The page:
31(2004); http://dx.doi.org/10.1118/1.1738962View Description Hide Description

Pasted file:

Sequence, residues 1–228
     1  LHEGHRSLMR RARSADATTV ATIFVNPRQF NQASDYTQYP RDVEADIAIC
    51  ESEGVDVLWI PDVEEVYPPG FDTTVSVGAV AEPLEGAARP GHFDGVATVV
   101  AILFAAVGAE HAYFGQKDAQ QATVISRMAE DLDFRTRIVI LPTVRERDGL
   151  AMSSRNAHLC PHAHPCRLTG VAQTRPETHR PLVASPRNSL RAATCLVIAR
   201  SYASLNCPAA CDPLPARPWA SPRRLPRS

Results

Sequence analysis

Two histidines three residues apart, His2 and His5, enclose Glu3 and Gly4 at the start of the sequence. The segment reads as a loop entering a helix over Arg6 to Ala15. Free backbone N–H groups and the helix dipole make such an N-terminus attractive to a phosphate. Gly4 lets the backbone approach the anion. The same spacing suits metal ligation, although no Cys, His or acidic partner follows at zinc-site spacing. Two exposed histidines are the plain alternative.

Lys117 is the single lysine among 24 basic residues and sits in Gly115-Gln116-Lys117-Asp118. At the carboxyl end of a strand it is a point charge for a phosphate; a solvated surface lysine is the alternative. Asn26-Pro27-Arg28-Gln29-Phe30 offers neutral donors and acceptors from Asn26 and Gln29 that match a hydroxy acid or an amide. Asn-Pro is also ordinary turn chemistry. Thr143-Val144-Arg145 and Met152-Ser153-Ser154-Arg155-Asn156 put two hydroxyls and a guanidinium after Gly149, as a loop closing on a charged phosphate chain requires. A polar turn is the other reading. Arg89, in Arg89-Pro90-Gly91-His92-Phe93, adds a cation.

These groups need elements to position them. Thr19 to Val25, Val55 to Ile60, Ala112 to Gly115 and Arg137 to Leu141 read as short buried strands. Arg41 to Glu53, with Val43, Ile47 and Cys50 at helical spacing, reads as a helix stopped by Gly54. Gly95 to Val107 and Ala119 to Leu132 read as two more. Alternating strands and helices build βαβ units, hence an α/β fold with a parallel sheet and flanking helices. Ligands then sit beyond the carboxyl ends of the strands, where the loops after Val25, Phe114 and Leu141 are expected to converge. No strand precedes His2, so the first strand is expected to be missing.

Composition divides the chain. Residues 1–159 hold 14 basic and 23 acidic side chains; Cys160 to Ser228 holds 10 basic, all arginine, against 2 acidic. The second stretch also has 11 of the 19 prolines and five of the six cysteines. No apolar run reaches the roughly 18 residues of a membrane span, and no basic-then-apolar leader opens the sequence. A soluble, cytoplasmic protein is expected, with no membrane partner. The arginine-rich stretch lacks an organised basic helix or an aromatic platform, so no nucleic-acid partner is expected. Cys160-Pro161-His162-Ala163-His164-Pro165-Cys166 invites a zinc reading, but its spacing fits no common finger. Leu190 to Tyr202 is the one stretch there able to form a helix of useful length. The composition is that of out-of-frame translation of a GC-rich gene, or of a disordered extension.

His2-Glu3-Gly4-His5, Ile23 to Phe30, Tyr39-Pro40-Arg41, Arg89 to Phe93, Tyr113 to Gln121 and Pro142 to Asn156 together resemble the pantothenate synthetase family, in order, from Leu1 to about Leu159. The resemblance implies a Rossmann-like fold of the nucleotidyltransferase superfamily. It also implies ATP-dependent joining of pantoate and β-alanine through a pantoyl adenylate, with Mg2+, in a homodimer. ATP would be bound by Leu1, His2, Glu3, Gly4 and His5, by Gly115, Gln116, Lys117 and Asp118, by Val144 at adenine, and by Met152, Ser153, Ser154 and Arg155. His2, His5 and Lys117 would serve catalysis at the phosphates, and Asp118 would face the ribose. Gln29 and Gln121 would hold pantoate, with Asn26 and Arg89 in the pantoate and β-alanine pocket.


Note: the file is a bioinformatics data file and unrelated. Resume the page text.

The dosimetry of small width) x-ray beams, such as those used in stereotactic radiotherapy, is much more complex than that of those used in routine clinical treatments. A thorough understanding of the properties of both small beams and small detectors is necessary to determine the optimum detector to use in each measurement situation. Accurate and reproducible experimental methods must also be developed to measure absolute and relative doses, obtain precise beam data and subsequently verify the delivered treatment dose. This work is an investigation of the above aspects of small beam dosimetry, with particular reference to the types of small fields used for stereotactic radiotherapy in the Edinburgh Cancer Centre. These are fields formed by circular stereotactic collimators (12.5 to 40 mm diameter), used in conjunction with arc therapy for the treatment of small brain lesions. Several detectors were compared in the measurement of percentage depth doses, tissue maximum ratios, off axis ratios, head scatter and relative output factors, on a 6 MV linac. This included the testing of three new, commercially available detectors. Clinical beam data were obtained via detector comparison and recommendations made as to the best methodology for each measurement parameter. The most accurate and reproducible technique for head scatter factors was extended to smaller stereotactic collimators (5 to 10 mm diameter) and square fields with widths of 10 to 20 mm. These were shaped with both the movable linaccollimators and the multileaf collimator and the results will be applied to the measurement of the small subfields used in intensity modulated radiotherapy(IMRT). A verification phantom was designed to be compatible with the stereotactic head frame and the properties of various small detectors were investigated for use in the phantom to measure point doses in both single arcs and multiple non-coplanar plans. The recommendations on beam data acquisition and dose verification were applied to two additional linacs. On all machines, the dose to the isocenter was verified in several typical treatment plans to within 2% of the calculated dose, for all clinical collimators. The results confirm the accuracy of the measurement processes used. The verification technique also provides the basis for a proposed audit of dosimetry in all stereotactic centers in the UK.